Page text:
The Occupational Status and Mobility of Hispanics
The rapidly growing presence of Hispanics in the labor force has sharpened the interest in their economic well-being. Fueled by immigration, the Hispanic labor force nearly tripled in size from 6.1 million to 16.7 million between 1980 and 2000.1 Latinos now make up 13 percent of the labor force in the U.S., higher than the share of blacks. But the growth in numbers has not been accompanied by great success as measured by the traditional metrics of earnings and employment. The unemployment rate for Latinos remains persistently above the rate for whites and their earnings are lower than those of either whites or blacks.
The focus of this report is on the occupational status and mobility of Hispanics. Occupation is an important determinant of earnings and employment prospects in an evolving economy. And occupations often bestow a status upon workers that extends beyond mere economic outcomes. The 1990s witnessed both a record economic expansion and the emergence of an information economy. Were Hispanic workers able to take advantage of those developments to climb the occupational ladder and narrow the gap between them and whites? That is among the central questions addressed in this report.
The analysis finds considerable evidence of an occupational divide across Hispanics and whites. In particular, the occupations in which Hispanics are concentrated rank low in wages, educational requirements and other indicators of socioeconomic status. Those indicators also show a worsening in the occupational status of Latinos in both absolute and relative terms during the 1990s. That is surprising in light of the strong growth in the U.S. economy during most of that decade. But while unemployment was generally on the decline, structural shifts in employment across industries favored different groups of workers in a varying fashion. That, in turn, contributed to a greater division in the occupational status of Hispanics and whites.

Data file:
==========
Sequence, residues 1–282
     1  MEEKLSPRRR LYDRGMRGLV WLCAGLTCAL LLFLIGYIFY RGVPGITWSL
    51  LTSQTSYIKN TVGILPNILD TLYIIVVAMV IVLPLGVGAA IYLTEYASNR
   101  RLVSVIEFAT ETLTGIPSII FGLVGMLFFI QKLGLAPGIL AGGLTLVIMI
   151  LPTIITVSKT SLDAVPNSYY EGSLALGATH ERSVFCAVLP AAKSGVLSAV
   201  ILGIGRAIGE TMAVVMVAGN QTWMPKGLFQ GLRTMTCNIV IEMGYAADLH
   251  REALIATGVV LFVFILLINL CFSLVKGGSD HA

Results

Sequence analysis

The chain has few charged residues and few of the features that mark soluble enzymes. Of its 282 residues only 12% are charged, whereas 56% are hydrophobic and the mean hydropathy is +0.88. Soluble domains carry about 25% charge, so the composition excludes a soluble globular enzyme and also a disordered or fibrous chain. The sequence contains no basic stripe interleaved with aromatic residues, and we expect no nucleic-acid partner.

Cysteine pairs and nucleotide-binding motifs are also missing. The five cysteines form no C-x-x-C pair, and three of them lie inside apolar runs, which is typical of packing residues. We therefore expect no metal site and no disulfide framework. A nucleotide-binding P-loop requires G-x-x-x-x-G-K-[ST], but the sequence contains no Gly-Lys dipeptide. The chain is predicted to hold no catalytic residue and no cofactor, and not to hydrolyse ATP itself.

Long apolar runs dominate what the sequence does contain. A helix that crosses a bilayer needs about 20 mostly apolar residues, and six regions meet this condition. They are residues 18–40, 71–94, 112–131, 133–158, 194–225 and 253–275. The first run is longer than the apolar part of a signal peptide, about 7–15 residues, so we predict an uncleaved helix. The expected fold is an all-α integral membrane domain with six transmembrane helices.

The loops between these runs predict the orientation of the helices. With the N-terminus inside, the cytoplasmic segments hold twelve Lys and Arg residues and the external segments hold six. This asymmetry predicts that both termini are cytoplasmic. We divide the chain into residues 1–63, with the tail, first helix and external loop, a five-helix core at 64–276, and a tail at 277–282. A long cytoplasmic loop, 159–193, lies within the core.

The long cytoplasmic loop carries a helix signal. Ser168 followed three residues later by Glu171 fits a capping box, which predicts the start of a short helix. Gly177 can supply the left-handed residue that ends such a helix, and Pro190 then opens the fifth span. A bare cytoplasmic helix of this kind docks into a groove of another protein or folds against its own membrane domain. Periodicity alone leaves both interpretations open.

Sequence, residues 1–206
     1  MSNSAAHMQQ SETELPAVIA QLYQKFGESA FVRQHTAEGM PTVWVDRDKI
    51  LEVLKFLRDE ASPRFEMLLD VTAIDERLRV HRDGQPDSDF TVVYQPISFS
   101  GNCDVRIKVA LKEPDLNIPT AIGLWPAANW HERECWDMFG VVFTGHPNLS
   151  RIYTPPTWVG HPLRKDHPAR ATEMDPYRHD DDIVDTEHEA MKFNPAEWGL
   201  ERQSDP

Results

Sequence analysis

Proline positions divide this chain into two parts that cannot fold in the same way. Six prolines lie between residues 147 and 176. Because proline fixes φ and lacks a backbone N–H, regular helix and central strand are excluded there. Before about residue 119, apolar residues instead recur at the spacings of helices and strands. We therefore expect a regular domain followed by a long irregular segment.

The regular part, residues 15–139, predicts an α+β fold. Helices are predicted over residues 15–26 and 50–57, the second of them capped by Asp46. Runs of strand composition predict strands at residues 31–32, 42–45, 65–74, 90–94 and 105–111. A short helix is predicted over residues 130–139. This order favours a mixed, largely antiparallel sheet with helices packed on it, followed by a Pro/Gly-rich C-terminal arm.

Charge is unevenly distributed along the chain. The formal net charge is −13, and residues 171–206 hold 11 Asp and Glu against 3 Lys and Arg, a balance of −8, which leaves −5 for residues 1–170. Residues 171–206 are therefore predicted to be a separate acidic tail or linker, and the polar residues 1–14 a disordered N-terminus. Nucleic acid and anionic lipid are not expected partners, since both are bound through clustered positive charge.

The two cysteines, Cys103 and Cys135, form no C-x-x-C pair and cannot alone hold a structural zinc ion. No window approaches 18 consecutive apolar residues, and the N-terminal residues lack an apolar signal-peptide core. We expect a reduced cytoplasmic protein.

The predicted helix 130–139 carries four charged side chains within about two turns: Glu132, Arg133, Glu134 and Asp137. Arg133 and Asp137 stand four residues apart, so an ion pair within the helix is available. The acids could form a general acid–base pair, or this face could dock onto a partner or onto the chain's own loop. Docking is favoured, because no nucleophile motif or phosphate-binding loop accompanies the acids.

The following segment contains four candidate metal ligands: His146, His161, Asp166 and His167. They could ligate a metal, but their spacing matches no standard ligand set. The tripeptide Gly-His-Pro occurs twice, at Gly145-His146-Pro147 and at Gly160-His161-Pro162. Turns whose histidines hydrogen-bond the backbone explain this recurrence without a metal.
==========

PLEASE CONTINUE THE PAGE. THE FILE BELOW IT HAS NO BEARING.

The report uses three major sources of data. Foremost are the Public Use Micro Statistics (PUMS) files from the Decennial Censuses of 1990 and 2000. These large datasets are good for studying the occupational status of Hispanics in general and smaller sub-groups of immigrants based on country of origin or year of arrival in the United States. The analysis of the Census data is supplemented with the 1990 Panel Study of Income Dynamics (PSID) and the 1993 National Survey of College Graduates (NSCG). The PSID is a longitudinal data set, i.e. it follows the same panel of individuals over a period of time. The specific PSID panel used in this report features an over sample of Hispanics and covers the 1990 to 1993 time period. The longitudinal nature of the PSID provides an alternative perspective on the occupational mobility of Hispanics and the assimilation of Latino immigrants. The NSCG is a National Science Foundation database that is useful for focusing on the status of the most highly educated Hispanics. The 1993 NSCG enables a study of the occupational mobility of college graduates between 1988 and 1993.
…if more Latinos moved from production to construction occupations, does that mean an improvement or worsening in their occupational status?
The analysis of occupational status is facilitated by the development of a measure of socioeconomic status that assigns a score to each occupation based on its experience and education requirements. Such an indicator is useful because just looking at the distribution of workers across occupations does not necessarily yield the information needed to infer the direction of change in occupational status. For example, if more Latinos moved from production to construction occupations, does that mean an improvement or worsening in their occupational status? That type of question is answered in this report by comparing the socioeconomic status score across occupations. Another tool developed for the study is the Dissimilarity Index that yields a measure of the difference in occupational distributions across groups of workers. That is a useful method for summarizing the gap in the occupational distributions across workers from different racial and ethnic groups. Utilizing these and other analytical tools, the report presents a rich array of conclusions regarding the occupational distribution of Hispanics, its diversity across country-of-origin groups, changes in the distribution over time, the factors that influence the speed of those changes, and the status of Latinos relative to whites and other racial/ethnic groups.
- The source for these estimates is the Bureau of Labor Statistics. ↩